The "George Jetson Syndrome" and the Operator of the Future

Today's operators face tremendous pressure to perform.

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A wave of retirements and layoffs affects the overall experience level of operators. At the same time, many of the new operators coming into the workforce are more educated and comfortable with the world of commercial off-the-shelf information technology. So what challenges will the operator of the future face, and what tools will be available to him or her? At ARC's 2010 Orlando Forum in February, several end-users shared their views and experiences with the session audience. Presenters included representatives from The Dow Chemical Co., the National Energy Technology Laboratory (NETL), and Savannah River Nuclear Solutions.
 
Mike Williams, of Dow Chemical, spoke about state-based process control and how it drives operational excellence through improved operator response. Williams spoke of the "George Jetson syndrome." In the popular, futuristic 1960's animated television series, "The Jetsons," George's computer at work never hesitates to remind him that he, as the operator, is irrelevant and redundant. Laura Sheets and Lance Abbott from Savannah River Nuclear also referred to George Jetson in their presentation. Here, the context was that the operator of the future is not complacent George Jetson, with his feet up on his desk. Instead, he or she must be engaged, alert at all times and able to make critical decisions.

The common theme is that, while the degree of automation will increase, the operator is there to intervene in a quick and effective manner, should it be necessary. The operator also monitors the holistic performance of the plant and ensures sustained operations against the specific design intent and business objectives.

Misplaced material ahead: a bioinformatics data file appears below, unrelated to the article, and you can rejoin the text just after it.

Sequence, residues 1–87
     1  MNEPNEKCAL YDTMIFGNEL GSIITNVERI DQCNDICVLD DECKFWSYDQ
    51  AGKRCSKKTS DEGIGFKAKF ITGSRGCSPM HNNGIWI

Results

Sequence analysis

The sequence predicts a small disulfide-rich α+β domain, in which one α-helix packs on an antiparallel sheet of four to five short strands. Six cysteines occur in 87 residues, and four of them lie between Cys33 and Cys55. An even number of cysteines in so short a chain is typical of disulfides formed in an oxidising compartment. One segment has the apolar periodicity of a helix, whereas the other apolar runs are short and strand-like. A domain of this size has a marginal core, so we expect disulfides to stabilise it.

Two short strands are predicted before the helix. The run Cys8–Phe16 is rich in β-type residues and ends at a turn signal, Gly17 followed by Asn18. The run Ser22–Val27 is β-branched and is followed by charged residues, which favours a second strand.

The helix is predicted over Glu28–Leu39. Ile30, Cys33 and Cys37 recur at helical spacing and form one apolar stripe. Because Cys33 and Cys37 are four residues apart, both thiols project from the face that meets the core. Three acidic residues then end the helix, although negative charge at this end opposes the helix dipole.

Operators experience a lot of mental stress. According to Williams, the operator's ability to act changes rapidly under stressful situations. Under normal workload, the operator applies basic knowledge successfully. At the first sign of a fault condition, the operator acknowledges the event in a clearly defined manner. As the abnormal situation deteriorates, however, interdependent events propagate, with the human responding based on experience and best judgment. As the event escalates, the ability of the human to act successfully rapidly deteriorates.
 
So how do we address this issue? We need a solution that incorporates automated procedures and the manufacturing operating disciplines with which they are associated. The best operational knowledge needs to be institutionalized and needs to include the most appropriate response to abnormal events. This needs to be applied to all modes of operation, from normal running to start-up, shutdown, and transitions, not just steady-state conditions.

Better-trained operators

Stephen E. Zitney, from the U.S. Department of Energy's National Energy Technology Lab, spoke about NETL's use of advanced simulation technology to train the new power plant operators of the future. Next-generation integrated gasification combined cycle (IGCC) plants will incorporate large, highly integrated, and multipurpose systems that require sophisticated operator training. Zitney foresees increased use of immersive 3D simulation integrated with operator training simulators (OTS). As plant personnel will use 3D visors to perform tasks and respond to trends and alarms, the roles of the control room and field operators will also eventually merge.

Clearly, the operators of the future will play a pivotal role in operations decision making. Operations improve when the operator is able to solve complex problems, instead of having to filter through a tidal wave of data to get to useful information. ARC's Benchmarking Consortium is working to define appropriate metrics and benchmark current best practices for operators in process plants. ARC invites additional end-users to participate in these important activities.  For more information, including specific metrics, readers can visit www.arcweb.com/benchmarking.

Larry O'Brien, lobrien@arcweb.com, is Research Director at ARC Advisory Group Inc., in Dedham, Mass.

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